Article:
“Because of the scope of the problems we face, understanding International Law is no longer a legal specialty, it is becoming a duty.”
OPERATION DESERT STORM
On January 17, 1991, in the early morning before dawn, two U.S. Air Force Special Operations helicopters lifted off from a base in Saudi Arabia, leading a squadron of Apache gunships. As the aircraft flew low over the dark expanse of desert in southern Iraq, two radar sites came into view; they were instantly obliterated along with their unfortunate personnel.
This began Operation Desert Storm, a massive air campaign followed by a ground assault that chased the forces of Saddam Hussein out of Kuwait. Despite threats by the Iraqi leader that “the mother of all battles” would be a bloodbath for opposition forces and similar fears expressed by some highly placed U.S. civilian and military officials, the Gulf War of 1991 proved to be a cakewalk. The poorly trained, poorly equipped, and demoralized Iraqi army collapsed and surrendered en masse.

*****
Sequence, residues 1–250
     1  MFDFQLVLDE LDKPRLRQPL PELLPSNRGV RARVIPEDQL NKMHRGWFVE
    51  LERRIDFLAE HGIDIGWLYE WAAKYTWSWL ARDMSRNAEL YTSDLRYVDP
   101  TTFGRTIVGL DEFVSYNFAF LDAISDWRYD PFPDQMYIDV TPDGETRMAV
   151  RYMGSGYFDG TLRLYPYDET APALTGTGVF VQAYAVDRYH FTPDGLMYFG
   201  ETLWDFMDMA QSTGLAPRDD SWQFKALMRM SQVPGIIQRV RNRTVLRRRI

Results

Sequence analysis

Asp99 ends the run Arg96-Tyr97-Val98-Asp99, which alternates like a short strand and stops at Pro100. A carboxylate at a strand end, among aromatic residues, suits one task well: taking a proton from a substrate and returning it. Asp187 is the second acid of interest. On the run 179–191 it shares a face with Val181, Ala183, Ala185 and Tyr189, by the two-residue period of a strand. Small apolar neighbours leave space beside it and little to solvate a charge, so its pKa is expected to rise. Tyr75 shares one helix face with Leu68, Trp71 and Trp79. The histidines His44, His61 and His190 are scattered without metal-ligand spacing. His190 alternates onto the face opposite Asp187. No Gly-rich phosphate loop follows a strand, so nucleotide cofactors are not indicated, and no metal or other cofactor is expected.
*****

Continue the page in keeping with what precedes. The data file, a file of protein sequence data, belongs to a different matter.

The result was an unalloyed success for the United States and the international community. Saddam Hussein was humiliated, and international aggression was turned back. The U.S. military performed in awesome fashion, overcoming the degradation of the war in Vietnam. Under U.N. Resolution 687, adopted by the U.N. Security Council in April 1991, Iraq was compelled to renounce in a verifiable manner all weapons of mass destruction (chemical, biological, and nuclear) and to pay billions of dollars in compensation for the damage caused by the invasion, including reparations for environmental damage.